I have data on a large Italian firm's employees over ten years and I would like to see how the gender gap in male-female earnings has changed over time. For this purpose I run pooled OLS: $$ y_{it} = X'_{it}\beta + \delta {\rm male}_i + \sum^{10}_{t=1}\gamma_t d_t + \varepsilon_{it} $$ where $y$ is log earnings per year, $X_{it}$ includes covariates that differ by individual and time, $d_t$ are year dummies and ${\rm male}_i$ equals one if a worker is male and is zero otherwise.

Now I have a concern that some of the covariates can be maybe correlated with unobserved fixed effects. But when I use the fixed effects (within) estimator or first differences I lose the gender dummy because this variable does not change over time. I don't want to use the random effects estimator because I often hear people saying that it puts assumptions that are very unrealistic and are unlikely to hold.

Are there any ways for keep the gender dummy and control fixed effects at the same time? If there is a way, do I need to cluster or take care for other problems with the errors for hypothesis tests on the gender variable?


4 Answers 4


There are a few potential ways for you to keep the gender dummy in a fixed effects regression.

Within Estimator
Suppose you have a similar model compared to your pooled OLS model which is $$y_{it} = \beta_1 + \sum^{10}_{t=2} \beta_t d_t + \gamma_1 (male_i) + \sum^{10}_{t=1} \gamma_t (d_t \cdot male_i) + X'_{it}\theta + c_i + \epsilon_{it}$$ where the variables are as before. Now note that $\beta_1$ and $\beta_1 + \gamma_1 (male_i)$ cannot be identified because the within estimator cannot distinguish them from the fixed effect $c_i$. Given that $\beta_1$ is the intercept for the base year $t=1$, $\gamma_1$ is the gender effect on earnings in this period. What we can identify in this case are $\gamma_2, ..., \gamma_{10}$ because they are interacted with your time dummies and they measure the differences in the partial effects of your gender variable relative to the first time period. This means if you observe an increase in your $\gamma_2,...,\gamma_{10}$ over time this is an indication for a widening of the earnings gap between men and women.

First-Difference Estimator
If you want to know the overall effect of the difference between men and women over time, you can try the following model: $$y_{it} = \beta_1 + \sum^{10}_{t=2} \beta_t d_t + \gamma (t\cdot male_i) + X'_{it}\theta + c_i + \epsilon_{it}$$ where the variable $t = 1, 2,...,10$ is interacted with the time-invariant gender dummy. Now if you take first differences $\beta_1$ and $c_i$ drop out and you get $$y_{it} - y_{i(t-1)} = \sum^{10}_{t=3} \beta_t (d_t - d_{(t-1)}) + \gamma (t\cdot male_i - [(t-1)male_i]) + (X'_{it}-X'_{i(t-1)})\theta + \epsilon_{it}-\epsilon_{i(t-1)}$$ Then $\gamma(t\cdot male_i - [(t-1)male_i]) = \gamma[(t - (t-1))\cdot male_i] = \gamma (male_i)$ and you can identify the gender difference in earnings $\gamma$. So the final regression equation will be: $$\Delta y_{it} = \sum_{t=3}^{10}\beta_t \Delta d_t + \gamma(male_i) + \Delta X'_{it}\theta + \Delta \epsilon_{it}$$ and you get your effect of interest. The nice thing is that this is easily implemented in any statistical software but you lose a time period.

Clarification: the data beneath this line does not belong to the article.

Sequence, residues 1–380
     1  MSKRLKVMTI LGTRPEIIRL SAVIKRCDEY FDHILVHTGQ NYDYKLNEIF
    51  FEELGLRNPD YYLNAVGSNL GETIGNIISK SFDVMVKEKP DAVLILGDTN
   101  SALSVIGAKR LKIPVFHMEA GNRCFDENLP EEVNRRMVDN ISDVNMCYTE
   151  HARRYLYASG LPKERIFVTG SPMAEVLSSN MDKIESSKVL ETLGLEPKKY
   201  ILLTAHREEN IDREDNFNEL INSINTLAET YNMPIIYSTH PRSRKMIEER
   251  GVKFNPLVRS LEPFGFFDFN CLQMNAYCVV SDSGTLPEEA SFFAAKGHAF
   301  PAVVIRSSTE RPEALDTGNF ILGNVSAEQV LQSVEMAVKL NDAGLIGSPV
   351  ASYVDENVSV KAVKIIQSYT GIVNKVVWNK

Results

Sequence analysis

Hausman-Taylor Estimator
This estimator distinguishes between regressors that you can assume to be uncorrelated with the fixed effect $c_i$ and those that are potentially correlated with it. It further distinguishes between time-varying and time-invariant variables. Let $1$ denote variables that are uncorrelated with $c_i$ and $2$ those who are and let's say your gender variable is the only time-invariant variable. The Hausman-Taylor estimator then applies the random effects transformation: $$\tilde{y}_{it} = \tilde{X}'_{1it} + \tilde{X}'_{2it} + \gamma (\widetilde{male}_{i2}) + \tilde{c}_i + \tilde{\epsilon}_{it}$$ where tilde notation means $\tilde{X}_{1it} = X_{1it} - \hat{\theta}_i \overline{X}_{1i}$ where $\hat{\theta}_i$ is used for the random effects transformation and $\overline{X}_{1i}$ is the time-average over each individual. This isn't like the usual random effects estimator that you wanted to avoid because group $2$ variables are instrumented for in order to remove the correlation with $c_i$. For $\tilde{X}_{2it}$ the instrument is $X_{2it} - \overline{X}_{2i}$. The same is done for the time-invariant variables, so if you specify the gender variable to be potentially correlated with the fixed effect it gets instrumented with $\overline{X}_{1i}$, so you must have more time-varying than time-invariant variables.